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The Sad Story of TCP Fast Open

If there’s a way to make something fast, you’ve got my attention. Especially when there’s a way to make a lot of things fast with a simple change – and that’s what TCP Fast Open (TFO) promises to do.

TFO (RFC 7413) started out in 2011 as a way to eliminate one of the round trips involved in opening a TCP connection. Since TCP (Transmission Control Protocol) is the underlying fundamental technology used for almost all connections on the Internet, an improvement to TCP connection establishment performance would improve the performance of virtually everything, especially web browsing. In early testing discussed at the 2011 Linux Plumbers Conference, Google found that TFO reduced page load times by 4-40%. Because of the elimination of a round trip, the slowest, highest latency connections would benefit the most – TFO promised to be a great improvement for many users.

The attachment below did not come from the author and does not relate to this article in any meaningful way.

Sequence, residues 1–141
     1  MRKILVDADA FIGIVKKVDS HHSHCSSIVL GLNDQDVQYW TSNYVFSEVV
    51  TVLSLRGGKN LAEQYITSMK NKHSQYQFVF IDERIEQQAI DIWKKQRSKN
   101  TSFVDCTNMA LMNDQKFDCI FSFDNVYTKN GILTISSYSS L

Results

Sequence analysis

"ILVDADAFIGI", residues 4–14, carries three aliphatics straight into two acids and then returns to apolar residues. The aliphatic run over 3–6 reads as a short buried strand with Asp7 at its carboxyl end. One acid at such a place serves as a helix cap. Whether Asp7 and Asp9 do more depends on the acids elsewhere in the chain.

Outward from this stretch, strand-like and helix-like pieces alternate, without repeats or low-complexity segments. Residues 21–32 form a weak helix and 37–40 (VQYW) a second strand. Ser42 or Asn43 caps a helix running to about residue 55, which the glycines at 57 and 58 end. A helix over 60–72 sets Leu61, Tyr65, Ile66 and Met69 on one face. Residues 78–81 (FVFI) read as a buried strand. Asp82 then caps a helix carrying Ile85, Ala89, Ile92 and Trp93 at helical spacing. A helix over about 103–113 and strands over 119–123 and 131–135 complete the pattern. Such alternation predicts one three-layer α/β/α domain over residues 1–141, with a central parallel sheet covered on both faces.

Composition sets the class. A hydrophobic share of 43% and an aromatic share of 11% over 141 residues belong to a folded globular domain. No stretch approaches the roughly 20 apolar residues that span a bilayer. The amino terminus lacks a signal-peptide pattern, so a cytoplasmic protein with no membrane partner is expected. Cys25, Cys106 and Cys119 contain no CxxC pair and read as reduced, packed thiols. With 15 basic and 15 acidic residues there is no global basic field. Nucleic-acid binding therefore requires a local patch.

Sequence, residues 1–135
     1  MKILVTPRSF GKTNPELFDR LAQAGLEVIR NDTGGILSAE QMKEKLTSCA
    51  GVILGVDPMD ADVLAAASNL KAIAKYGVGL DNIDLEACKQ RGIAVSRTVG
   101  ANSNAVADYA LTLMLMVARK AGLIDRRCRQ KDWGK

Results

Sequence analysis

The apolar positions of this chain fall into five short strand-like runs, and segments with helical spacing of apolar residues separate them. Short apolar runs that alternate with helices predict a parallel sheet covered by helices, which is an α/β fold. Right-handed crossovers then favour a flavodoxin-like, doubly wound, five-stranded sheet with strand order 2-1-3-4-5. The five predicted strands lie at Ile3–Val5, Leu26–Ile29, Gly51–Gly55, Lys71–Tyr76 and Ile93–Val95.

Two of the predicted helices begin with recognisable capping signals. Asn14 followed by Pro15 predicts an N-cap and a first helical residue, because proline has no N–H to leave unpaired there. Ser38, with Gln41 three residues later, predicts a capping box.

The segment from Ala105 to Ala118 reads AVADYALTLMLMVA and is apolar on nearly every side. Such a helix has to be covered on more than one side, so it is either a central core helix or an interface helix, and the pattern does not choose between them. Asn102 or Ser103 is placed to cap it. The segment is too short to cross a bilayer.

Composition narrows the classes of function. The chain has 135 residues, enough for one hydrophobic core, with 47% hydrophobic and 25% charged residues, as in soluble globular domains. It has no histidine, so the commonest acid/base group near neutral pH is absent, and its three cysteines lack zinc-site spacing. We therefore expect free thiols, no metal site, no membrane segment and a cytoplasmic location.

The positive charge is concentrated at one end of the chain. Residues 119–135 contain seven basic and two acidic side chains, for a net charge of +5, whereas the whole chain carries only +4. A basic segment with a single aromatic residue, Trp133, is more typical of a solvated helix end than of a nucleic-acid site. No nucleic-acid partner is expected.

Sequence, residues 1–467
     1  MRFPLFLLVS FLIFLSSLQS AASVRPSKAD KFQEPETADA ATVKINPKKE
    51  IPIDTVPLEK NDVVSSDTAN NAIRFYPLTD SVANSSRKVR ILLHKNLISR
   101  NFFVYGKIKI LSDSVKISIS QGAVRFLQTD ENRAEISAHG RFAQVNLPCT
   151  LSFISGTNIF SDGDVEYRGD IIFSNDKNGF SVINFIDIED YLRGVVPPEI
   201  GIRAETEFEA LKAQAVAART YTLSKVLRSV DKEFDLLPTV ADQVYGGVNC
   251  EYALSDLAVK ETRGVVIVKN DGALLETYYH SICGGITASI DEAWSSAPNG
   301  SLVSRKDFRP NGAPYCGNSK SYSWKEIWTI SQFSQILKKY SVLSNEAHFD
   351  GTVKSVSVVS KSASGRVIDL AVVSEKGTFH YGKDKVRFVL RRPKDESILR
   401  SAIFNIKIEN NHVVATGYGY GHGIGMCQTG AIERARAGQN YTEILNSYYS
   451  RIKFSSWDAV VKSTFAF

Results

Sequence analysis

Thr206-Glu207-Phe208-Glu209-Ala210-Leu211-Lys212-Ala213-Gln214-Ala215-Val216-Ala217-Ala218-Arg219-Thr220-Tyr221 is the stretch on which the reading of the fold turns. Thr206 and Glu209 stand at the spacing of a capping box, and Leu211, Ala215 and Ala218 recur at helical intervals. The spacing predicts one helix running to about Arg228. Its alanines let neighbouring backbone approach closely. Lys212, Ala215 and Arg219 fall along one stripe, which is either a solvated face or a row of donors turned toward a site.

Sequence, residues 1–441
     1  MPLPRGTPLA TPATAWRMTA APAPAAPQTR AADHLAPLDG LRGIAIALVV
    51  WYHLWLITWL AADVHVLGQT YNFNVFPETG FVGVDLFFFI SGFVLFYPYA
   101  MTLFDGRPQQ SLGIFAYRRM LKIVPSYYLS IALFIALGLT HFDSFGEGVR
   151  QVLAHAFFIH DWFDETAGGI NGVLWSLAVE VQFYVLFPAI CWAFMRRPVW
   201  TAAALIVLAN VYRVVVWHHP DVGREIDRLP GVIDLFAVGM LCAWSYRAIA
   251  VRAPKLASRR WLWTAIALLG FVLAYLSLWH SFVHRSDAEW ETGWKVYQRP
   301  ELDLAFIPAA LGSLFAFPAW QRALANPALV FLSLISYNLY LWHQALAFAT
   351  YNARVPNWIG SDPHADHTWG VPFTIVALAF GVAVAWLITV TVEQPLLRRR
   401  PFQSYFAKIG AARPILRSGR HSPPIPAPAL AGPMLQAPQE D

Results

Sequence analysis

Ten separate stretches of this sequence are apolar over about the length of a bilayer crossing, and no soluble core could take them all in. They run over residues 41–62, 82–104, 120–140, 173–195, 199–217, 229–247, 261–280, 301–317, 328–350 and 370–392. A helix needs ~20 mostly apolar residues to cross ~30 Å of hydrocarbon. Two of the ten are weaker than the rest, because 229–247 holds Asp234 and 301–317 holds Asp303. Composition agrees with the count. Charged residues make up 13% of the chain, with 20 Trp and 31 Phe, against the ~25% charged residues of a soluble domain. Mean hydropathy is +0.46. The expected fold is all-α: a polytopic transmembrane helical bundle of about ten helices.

Given the immediate success, support for this performance improving technology rapidly grew. In 2012, Linux 3.7 gained support for client and server TFO. In 2013, Android gained support when KitKat (4.4) was released using the Linux 3.10 kernel. In 2015, iOS gained support. In 2016, Windows 10 got support in the Anniversary Update. Even load balancers, such as F5, added support.

And yet, today, not one browser supports it. Chrome, Firefox, and Edge all have use of TFO disabled by default.

So, what happened to this technology that once sounded so promising?

Initial Optimism Meets Hard Reality

I attribute the failure to achieve widespread adoption of TCP Fast Open to four factors: